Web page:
It has been truly historic that Prime Minister Narendra Modi could ultimately evolve solution to the six decade long Naga tangle and sign Peace Accord with National Socialist Council of Nagaland (NSCN-IM) led by its chairman Isac Chisi Swu and general secretary Thuingelang Muivah in New Delhi. The detractors and Modi-baiter political leaders even before the details of the deal or agreement having been revealed by the Centre have gone all hog to create unnecessary controversy over the territorial integrity of Assam, Manipur and Arunachal Pradesh.
Tarun Gogoi, Chief Minister of Assam, is on the frontline to kick up all the row despite various tribal groups and civil society across north-east hailing the Accord as a “positive move by the Modi Government”. It will be relevant to know what led the signing of the Accord. One of the important factors working as a driving force behind it is the growing aspirations among the people of the state for creating a congenial atmosphere for the success of peace process. In fact, since the NSCI (IM) declared cease fire in 1997, the dialogue between Government of India and NSCN (IM) has been going on through ups and downs, often with some flickering hope. There was a time when the Naga leaders refused to sit for talks within India, asserting themselves to represent a sovereign and independent country under Indian subjugation.
But, with ground situation fast changing in Nagaland with the public outcry for peace, a campaign launched by Naga Hoho, the conglomeration of 26 tribes, Naga Mothers’ Association and other front ranking NGOs along with growing disillusionment among rank and file of the outfit, NSCN (IM) leaders, Isac Chisi Swu and Thuingelang Muiviah, cannot ignore the reality. Besides, both of them have been ageing. One still recalls similar situation in Mizoram and the cancer affected Laldenga, the chief of Mizo National Front (MNF), who ultimately realised that an independent Mizoram with separate flag and Constitution could never be possible.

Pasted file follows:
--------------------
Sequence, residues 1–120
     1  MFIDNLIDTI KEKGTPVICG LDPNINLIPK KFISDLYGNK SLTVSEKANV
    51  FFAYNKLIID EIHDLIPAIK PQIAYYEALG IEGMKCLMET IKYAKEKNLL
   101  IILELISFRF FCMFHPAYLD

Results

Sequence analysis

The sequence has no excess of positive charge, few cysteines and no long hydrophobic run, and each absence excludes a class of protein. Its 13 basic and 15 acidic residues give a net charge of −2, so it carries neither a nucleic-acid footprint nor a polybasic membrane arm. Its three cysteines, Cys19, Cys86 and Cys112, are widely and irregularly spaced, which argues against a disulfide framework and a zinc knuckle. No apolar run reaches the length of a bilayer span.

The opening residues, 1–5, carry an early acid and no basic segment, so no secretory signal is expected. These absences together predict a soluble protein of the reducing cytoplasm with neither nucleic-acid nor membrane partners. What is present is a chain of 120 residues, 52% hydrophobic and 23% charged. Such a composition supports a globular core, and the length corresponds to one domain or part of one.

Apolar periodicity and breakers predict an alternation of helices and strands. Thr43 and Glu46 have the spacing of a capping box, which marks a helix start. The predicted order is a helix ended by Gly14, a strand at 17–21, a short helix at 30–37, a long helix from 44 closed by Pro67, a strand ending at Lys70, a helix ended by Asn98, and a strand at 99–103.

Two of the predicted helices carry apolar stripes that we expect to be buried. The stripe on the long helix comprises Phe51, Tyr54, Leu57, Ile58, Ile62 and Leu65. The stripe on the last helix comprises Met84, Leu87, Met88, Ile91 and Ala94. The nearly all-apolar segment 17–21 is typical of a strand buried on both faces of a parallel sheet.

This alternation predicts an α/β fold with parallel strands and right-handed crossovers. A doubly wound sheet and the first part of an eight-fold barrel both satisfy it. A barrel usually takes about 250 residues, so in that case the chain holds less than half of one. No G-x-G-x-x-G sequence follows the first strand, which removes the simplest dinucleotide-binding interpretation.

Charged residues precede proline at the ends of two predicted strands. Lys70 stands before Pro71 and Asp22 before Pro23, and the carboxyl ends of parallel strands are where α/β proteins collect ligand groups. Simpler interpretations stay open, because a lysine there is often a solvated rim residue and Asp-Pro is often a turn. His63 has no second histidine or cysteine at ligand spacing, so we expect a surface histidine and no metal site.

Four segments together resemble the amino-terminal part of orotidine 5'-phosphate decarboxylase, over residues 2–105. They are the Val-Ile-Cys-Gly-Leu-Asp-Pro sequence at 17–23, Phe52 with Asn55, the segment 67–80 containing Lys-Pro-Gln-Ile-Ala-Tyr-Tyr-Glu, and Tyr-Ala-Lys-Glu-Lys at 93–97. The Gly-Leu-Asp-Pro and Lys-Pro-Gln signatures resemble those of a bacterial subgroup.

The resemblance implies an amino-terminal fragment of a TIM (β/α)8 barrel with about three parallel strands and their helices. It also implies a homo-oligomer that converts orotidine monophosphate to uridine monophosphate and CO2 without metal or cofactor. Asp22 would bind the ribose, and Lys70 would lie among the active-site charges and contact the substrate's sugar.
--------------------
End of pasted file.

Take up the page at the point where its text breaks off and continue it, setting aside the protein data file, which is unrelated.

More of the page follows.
Laldenga in a statement admitted how his vast number of cadres in jungles had grown disillusioned and realised that it was difficult to fight against the mighty Indian Army. Finally, Mizo Accord within the framework of Indian Constitution was signed. Today Mizoram is the most peaceful State in the country.
It was a long journey involving Prime Ministers, Narasimha Rao, Deve Gowda, IK Gujral, Atal Behari Vajpayee, Dr Manmohan Singh and now Narendra Modi. In fact, noted progress took place when K Padmanabhaiah was the interlocutor. Positive moves were available for finding an amicable solution to the six decade old Naga issue. There has been marked improvement as the ceasefire agreement has brought down incidents like extortions, kidnappings and fratricidal killings. The role of Padmanabhaiah was appreciated by NSCN (IM) leadership. But, next interlocutor Swaraj Kaushal’s unintentional statement on extending ceasefire between the Government of Bharat and NSCN (IM) anywhere in India and beyond led to mass agitation in Manipur.
The then Chief Ministers of Assam, Arunachal Pradesh and Manipur reacted angrily saying extension of cease fire beyond Nagaland would mean legitimatising the claim of Naga outfits on our land. As a true statesman, the then Prime Minister, Atal Behari Vajpayee understood its grave implications and invited the Chief Ministers of the three States to seek their opinion on the issue who gave a firm no to part with even an inch of their territory. Narendra Modi as a wise politician and being aware of the past reactions against Nagalim or Greater Nagaland would never agree to any such agreement that would jeopardise the territorial integrity of any other State.
The Accord signed recently, as indications are available, strives for political and economic solutions. Any solution will be within the ambit of the Constitution and federal structure of the country. The package includes enough funds for development, provisions for protecting the identity, interests, culture and tradition of Nagas. Provision would be made to provide greater autonomy and more powers for administrative expediency. The only hindrance in the peace process seems to be the return of NSCN (Khaplang) to jungles. But with the mass yearning for peace in Nagaland, it will have no alternative than to make a space for itself among the people of the state. On the whole, the most vexed issue of Nagalim calls for a cautious approach by the Centre without disturbing the territorial integrity of Assam, Manipur and Arunachal Pradesh.
—Jyoti Lal Chowdhury from Silchar